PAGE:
In other words most of those who voted against Clarke-Lowes’ expulsion, did so despite his views on the holocaust and primarily as part of a wider disagreement with PSC Executive. And since they brought virtually all of their membership of about 20 to the conference, it is clear even that that stage that those who had any sympathy with Clarke-Lowes were a tiny handful.

After the lunch break we had a guest speaker, Omar Barghouti from the Palestinian Boycott National Committee. He detailed the increasingly open racism of the state, its attacks on the memory of the Nakba, which has been made unlawful, the shameful decision of the Supreme Court to uphold the Citizenship Law which prevents Israeli Arabs from living with their spouse in side Israel.

It must have been a shock when Omar went out of his way to make it clear that anti-Semitism and holocaust denial were no part of the politics of the Palestinians. ‘Ours is an anti-racist cause’ he stated, in case anyone had failed to decipher the meaning of the speech. He generously paid tribute to PSC as the world’s most effective solidarity organisation and to Britain for leading the way in Boycott. It is a compliment that are indebted to honour and repay.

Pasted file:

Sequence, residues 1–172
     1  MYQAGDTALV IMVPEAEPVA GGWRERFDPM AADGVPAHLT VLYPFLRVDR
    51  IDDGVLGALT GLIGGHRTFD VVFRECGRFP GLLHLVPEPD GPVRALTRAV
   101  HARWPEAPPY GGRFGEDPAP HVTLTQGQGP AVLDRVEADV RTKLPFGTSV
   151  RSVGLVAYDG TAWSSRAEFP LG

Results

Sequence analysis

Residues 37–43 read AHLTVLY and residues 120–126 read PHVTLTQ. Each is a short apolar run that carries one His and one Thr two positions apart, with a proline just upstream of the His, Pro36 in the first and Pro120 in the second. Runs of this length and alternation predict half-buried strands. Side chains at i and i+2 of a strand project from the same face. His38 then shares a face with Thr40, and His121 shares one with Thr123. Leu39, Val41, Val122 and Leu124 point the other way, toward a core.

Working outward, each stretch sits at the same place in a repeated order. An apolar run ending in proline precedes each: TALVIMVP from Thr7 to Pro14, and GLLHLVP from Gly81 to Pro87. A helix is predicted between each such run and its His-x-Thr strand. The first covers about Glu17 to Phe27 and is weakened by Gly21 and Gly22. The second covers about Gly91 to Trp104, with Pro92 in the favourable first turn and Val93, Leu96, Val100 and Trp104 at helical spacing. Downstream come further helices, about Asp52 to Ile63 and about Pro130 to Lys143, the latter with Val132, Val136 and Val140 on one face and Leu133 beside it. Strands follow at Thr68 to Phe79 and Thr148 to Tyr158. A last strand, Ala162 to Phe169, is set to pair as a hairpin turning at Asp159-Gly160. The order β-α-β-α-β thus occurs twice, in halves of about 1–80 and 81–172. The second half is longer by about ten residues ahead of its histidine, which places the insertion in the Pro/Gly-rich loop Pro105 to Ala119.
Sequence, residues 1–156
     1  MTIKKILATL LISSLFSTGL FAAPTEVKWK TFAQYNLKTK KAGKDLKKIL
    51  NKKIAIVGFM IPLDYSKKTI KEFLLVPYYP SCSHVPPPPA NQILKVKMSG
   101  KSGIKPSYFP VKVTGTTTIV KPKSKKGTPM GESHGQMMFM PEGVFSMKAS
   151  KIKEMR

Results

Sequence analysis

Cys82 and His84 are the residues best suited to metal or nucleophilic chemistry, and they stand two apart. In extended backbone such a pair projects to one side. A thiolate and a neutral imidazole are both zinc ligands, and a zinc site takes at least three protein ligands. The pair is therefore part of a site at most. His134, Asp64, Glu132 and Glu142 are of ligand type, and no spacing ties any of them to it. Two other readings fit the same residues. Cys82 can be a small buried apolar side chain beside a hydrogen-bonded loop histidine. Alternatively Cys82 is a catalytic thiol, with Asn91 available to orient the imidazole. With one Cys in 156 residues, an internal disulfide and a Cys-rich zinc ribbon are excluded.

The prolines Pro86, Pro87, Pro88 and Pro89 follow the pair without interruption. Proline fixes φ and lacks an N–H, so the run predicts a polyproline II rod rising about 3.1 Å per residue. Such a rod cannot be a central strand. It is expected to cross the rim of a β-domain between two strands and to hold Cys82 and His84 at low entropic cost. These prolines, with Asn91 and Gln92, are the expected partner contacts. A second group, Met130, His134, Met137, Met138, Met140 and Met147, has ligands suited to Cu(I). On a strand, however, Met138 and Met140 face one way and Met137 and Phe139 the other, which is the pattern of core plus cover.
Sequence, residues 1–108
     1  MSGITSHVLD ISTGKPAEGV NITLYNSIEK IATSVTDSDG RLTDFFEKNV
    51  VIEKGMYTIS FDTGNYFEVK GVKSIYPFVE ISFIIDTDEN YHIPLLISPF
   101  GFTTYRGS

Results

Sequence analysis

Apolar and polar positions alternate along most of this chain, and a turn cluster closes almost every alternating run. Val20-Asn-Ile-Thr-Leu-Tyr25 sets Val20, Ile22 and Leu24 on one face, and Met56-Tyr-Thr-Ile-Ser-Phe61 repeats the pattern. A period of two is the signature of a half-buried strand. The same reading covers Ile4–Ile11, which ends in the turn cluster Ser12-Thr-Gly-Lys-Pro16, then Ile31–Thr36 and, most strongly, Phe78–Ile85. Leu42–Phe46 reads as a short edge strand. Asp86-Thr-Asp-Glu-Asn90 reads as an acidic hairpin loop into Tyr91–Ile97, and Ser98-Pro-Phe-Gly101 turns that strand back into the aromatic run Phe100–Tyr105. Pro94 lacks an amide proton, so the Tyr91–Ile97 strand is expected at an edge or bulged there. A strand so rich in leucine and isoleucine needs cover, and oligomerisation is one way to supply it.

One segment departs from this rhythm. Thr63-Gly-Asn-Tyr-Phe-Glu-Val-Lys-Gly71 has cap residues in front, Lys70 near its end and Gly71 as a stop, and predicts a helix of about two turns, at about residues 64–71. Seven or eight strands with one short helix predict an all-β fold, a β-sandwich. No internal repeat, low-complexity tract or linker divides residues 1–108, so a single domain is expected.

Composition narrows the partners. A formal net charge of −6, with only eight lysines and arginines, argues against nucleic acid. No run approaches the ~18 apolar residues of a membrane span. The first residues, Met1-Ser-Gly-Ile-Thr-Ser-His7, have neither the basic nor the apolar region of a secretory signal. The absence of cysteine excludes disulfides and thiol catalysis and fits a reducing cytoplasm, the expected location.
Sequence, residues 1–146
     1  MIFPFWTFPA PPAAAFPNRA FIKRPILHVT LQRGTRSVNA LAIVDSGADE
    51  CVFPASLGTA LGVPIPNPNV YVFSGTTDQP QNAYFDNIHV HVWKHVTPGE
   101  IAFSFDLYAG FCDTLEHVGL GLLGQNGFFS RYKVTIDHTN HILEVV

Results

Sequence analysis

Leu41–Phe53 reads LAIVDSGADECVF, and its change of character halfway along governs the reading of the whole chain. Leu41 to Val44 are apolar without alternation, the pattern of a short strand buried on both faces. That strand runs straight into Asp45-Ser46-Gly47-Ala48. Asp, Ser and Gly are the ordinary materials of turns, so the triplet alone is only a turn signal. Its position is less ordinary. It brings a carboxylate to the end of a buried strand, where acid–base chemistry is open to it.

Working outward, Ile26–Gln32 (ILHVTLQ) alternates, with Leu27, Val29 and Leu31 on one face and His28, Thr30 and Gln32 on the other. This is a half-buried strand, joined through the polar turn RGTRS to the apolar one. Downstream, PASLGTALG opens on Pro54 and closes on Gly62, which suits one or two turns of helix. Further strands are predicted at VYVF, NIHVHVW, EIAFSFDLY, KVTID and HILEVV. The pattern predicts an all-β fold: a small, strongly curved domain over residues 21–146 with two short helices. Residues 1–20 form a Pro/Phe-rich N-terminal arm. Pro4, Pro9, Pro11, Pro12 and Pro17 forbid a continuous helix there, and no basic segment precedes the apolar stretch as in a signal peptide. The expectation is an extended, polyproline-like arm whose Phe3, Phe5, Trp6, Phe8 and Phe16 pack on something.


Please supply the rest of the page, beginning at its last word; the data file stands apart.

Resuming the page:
After Omar’s speech the Executive motion 2 and that from Naomi Wimborne Idrissi were taken, along with all 3 amendments from Gill Kaffash/Rosemary Earnshaw, Exeter PSC and the CPGB-ML (above). All the amendments were heavily defeated with less than 20 votes out of over 250 delegates (the votes in the Executive elections indicate there must have been an increase in people arriving by at least 50). Harpal Brar was the only person to speak with any passion or conviction for the amendments. And to his credit he made it clear that of course he accepted that fact of the holocaust without reservation but that there were a number of other acts of genocide we should condemn – that of the Armenians for example, the Iraqis and others. In other words he was speaking agains the Zionists’ holocaust exceptionalism – the idea that the holocaust of Jews is unique. I agree.

Even Gill Kaffash chose not to mention anything to do with holocaust and instead mounted a free speech argument, coupled with the assertion that we stick to Palestine not extraneous issues. But speaker after speaker, with the exception of Exeter PSC’s constitutionalist Dave Chappell (FBU), made it clear that it was not possible oppose the racism that Palestinians suffer from and yet tolerate holocaust deniers and their associates. A member of the Communications Workers Union, whose name I didn’t catch, made this clear in a particularly impassioned contribution, as did Roland Rance from Jews 4 Boycotting Israeli Goods and other speakers.